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Urban Manufacturing Alliance Wins Commitment From Clinton Global Initiative
SF Made Executive Director Kate Sofis and Pratt Center Director Adam Friedman join former President Bill Clinton for the announcement of the Clinton Global Initiative Commitment to Action on behalf of the Urban Manufacturing Alliance
On June 30, former President Bill Clinton announced the support of his Clinton Global Initiative for the Urban Manufacturing Alliance, a new partnership between the Pratt Center, SF Made, and other organizations working on behalf of small manufacturers in U.S. cities.
"This is a very important time for America to look for homegrown solutions to the jobs crisis," said President Clinton at the initiative's Chicago summit. "We do not do enough to generate internal economic development, particularly in areas of high unemployment." Turning to Pratt Center Director Adam Friedman and Kate Sofis, executive director of SF Made, Clinton added, "I am very happy about this and I want to congratulate all these folks for their commitment."
Watch the video of President Clinton's full announcement of the Clinton Global Initiative's Commitment to Action for the Urban Manufacturing Alliance.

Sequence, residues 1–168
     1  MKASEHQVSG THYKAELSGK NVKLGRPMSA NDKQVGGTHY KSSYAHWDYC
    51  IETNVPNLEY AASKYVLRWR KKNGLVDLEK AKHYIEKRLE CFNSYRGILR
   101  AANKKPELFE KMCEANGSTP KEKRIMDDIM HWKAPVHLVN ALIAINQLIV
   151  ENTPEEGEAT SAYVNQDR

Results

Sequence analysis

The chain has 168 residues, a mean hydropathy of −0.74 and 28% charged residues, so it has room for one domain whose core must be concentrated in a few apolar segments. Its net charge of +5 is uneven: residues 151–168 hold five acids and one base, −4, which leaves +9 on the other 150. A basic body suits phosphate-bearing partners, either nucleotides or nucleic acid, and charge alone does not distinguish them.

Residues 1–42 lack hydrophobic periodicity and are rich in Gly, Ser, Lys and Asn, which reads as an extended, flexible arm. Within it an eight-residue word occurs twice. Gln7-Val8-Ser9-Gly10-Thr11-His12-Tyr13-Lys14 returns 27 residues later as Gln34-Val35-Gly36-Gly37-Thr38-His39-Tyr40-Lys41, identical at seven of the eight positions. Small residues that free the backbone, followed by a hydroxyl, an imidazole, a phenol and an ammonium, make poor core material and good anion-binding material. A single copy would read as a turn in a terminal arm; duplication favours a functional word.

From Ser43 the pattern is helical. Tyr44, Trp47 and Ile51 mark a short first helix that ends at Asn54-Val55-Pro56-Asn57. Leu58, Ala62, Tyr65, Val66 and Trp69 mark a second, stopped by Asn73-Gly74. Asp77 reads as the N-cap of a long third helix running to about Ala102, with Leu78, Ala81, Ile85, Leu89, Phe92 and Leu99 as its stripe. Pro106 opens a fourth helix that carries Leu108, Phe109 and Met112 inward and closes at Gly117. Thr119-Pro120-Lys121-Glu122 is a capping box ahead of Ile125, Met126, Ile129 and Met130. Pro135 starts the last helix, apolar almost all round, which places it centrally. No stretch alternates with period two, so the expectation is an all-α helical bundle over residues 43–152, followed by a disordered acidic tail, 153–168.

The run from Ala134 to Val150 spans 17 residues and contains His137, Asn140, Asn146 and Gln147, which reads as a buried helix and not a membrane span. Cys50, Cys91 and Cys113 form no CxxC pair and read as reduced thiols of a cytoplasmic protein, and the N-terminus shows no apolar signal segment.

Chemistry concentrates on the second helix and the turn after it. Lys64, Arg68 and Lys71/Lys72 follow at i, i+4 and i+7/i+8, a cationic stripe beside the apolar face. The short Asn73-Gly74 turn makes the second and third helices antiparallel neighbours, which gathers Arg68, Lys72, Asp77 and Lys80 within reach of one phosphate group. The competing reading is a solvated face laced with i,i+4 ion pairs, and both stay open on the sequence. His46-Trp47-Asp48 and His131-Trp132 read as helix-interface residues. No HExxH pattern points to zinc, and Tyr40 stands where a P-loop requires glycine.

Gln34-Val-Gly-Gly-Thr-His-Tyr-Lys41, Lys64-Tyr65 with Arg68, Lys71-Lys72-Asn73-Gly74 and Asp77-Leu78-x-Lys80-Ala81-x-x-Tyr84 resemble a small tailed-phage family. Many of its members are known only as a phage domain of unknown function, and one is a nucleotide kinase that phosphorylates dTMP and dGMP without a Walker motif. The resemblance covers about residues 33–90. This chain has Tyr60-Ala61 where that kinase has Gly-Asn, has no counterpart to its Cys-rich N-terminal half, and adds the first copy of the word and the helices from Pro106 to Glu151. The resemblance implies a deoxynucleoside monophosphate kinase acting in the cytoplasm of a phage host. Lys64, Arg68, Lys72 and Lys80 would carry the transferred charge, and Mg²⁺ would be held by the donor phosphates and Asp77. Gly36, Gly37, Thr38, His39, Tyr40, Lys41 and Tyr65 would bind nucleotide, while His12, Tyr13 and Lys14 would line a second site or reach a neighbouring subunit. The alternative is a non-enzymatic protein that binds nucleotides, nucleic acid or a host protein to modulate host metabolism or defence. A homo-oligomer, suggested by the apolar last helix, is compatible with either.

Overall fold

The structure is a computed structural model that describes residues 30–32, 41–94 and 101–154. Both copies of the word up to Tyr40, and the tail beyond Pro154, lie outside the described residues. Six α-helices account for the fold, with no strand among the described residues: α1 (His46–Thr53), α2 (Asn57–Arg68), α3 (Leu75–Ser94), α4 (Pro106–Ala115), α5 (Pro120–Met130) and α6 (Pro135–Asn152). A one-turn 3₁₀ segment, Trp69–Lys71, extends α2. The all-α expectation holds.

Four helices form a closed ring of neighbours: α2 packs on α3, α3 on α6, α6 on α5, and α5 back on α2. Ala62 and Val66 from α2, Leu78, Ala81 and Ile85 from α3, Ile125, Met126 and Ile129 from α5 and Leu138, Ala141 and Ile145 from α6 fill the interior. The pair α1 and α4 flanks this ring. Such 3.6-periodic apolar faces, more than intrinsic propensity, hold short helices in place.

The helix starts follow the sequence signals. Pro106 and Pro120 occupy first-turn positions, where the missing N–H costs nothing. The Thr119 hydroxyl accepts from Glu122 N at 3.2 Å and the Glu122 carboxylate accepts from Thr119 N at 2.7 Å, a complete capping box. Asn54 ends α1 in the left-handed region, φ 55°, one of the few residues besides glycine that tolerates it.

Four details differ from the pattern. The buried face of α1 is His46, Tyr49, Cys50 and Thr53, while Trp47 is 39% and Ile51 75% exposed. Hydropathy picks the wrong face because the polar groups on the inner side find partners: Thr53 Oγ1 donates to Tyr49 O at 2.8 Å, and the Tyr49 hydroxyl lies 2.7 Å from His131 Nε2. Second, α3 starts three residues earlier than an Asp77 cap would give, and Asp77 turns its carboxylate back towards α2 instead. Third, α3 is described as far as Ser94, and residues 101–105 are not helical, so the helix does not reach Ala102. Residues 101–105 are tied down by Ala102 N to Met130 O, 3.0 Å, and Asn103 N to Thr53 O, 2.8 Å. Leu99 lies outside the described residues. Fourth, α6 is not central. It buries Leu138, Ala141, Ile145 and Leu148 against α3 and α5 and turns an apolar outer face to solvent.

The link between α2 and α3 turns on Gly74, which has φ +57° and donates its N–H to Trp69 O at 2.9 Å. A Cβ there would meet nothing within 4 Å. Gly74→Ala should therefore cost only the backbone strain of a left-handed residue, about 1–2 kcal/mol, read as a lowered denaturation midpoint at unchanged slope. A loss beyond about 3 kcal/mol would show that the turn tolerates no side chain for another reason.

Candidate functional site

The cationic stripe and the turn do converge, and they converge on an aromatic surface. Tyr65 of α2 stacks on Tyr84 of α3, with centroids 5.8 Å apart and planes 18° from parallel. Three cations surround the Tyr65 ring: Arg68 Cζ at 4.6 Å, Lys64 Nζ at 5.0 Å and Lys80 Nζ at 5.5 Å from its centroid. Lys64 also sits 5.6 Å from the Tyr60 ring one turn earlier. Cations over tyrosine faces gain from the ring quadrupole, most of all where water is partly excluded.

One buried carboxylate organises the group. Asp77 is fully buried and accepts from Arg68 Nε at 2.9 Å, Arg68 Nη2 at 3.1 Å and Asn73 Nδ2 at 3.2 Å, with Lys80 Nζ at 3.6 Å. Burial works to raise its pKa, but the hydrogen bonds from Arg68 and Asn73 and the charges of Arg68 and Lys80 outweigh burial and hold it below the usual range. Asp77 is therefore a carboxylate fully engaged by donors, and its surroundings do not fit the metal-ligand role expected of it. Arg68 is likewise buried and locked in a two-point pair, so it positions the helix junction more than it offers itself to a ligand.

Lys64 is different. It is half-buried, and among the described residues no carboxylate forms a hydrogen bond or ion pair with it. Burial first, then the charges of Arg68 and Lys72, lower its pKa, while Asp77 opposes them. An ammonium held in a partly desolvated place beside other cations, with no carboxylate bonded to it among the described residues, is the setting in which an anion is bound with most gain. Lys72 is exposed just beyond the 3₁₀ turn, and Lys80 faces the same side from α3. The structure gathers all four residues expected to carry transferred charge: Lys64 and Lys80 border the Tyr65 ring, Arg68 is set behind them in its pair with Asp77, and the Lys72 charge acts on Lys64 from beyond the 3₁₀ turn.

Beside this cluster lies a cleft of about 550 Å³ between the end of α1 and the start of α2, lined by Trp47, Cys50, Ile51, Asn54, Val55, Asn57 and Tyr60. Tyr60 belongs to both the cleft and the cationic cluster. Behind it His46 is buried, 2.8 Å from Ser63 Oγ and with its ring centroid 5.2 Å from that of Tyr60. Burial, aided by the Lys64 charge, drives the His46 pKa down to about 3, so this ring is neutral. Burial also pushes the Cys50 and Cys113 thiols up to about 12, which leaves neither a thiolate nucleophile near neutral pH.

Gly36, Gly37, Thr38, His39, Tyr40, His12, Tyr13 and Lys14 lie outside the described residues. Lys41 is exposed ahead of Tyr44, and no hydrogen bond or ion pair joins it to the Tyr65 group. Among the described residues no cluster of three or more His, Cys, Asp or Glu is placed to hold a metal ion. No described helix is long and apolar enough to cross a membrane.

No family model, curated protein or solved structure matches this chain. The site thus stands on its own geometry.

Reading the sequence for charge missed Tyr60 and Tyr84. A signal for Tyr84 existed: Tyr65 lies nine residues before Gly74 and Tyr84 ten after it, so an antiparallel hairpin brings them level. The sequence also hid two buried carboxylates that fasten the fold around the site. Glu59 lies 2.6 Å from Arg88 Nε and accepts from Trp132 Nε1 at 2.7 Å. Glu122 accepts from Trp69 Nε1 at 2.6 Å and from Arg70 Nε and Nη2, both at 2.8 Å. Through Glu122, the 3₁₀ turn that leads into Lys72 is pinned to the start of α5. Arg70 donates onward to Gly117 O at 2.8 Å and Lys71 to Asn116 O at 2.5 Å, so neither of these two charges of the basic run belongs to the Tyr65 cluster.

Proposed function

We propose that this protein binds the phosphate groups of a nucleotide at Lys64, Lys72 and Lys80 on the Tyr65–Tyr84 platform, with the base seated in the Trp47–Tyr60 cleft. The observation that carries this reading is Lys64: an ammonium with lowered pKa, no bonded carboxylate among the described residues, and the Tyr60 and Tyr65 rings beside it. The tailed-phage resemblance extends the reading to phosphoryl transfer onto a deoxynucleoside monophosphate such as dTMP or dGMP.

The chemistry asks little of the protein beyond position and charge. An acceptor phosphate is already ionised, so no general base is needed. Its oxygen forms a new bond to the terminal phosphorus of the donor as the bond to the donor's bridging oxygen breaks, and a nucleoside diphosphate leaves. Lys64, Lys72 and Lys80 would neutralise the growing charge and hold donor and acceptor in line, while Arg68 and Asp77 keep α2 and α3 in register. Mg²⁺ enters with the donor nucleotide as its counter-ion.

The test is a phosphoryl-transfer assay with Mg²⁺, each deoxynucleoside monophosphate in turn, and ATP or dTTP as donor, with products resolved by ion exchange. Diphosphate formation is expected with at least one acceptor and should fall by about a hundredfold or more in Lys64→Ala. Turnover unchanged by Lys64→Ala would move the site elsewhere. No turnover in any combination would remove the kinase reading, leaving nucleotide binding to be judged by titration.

The Urban Manufacturing Alliance is a new project launched by the Pratt Center and SF Made to galvanize support for local urban manufacturers across major U.S. cities and to connect the local networks that serve them, including the New York Industrial Retention Network, which is a program of the Pratt Center. The City of New York and City and County of San Francisco have also committed to advancing the alliance. The organizations will share their strategies and best practices, interconnect the cities' supply chains, and research issues of mutual concern. More broadly, the alliance will put into action an influential model for collaboration and organic growth for urban manufacturing, as an alternative to the prevailing economic development strategy of competitive smokestack-chasing. The alliance will strengthen the national manufacturing sector as a whole, resulting in meaningful growth in both local employment and numbers of manufacturing companies in U.S. cities. As detailed in a recent report from the Pratt Center and Brookings Institution, of the approximately 51,400 small manufacturers in the United States, one third are concentrated in the ten largest cities and employ more than 830,000 people, one in ten of them in New York City.
In its first year, the Urban Manufacturing Alliance will bring at least three other cities into the group, begin to research and develop economic development strategies to advance manufacturing across multiple cities, and develop a national sourcing database that will facilitate procurement between urban manufacturers and among buyers seeking materials, components and products.
"Cities are constantly struggling with the same issues and reinventing the wheel," says Friedman. "This is a chance to lear from one another, share best practices, and build a national coalition to advance federal policy in support of urban manufacturing."